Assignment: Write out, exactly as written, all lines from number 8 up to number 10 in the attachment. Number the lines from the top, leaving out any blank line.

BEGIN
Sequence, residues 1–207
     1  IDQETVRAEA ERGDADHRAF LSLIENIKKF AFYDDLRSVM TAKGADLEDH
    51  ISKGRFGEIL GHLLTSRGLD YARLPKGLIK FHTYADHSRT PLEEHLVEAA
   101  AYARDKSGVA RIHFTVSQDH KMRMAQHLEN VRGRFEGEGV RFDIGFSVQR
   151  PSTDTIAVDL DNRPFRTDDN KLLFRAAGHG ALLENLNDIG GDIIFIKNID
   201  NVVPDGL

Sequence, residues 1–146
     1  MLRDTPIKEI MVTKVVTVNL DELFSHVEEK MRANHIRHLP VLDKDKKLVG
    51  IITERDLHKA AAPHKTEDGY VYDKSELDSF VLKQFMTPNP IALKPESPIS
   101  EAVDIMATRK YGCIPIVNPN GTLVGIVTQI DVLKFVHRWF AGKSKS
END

     1  MLRDTPIKEI MVTKVVTVNL DELFSHVEEK MRANHIRHLP VLDKDKKLVG
    51  IITERDLHKA AAPHKTEDGY VYDKSELDSF VLKQFMTPNP IALKPESPIS
   101  EAVDIMATRK YGCIPIVNPN GTLVGIVTQI DVLKFVHRWF AGKSKS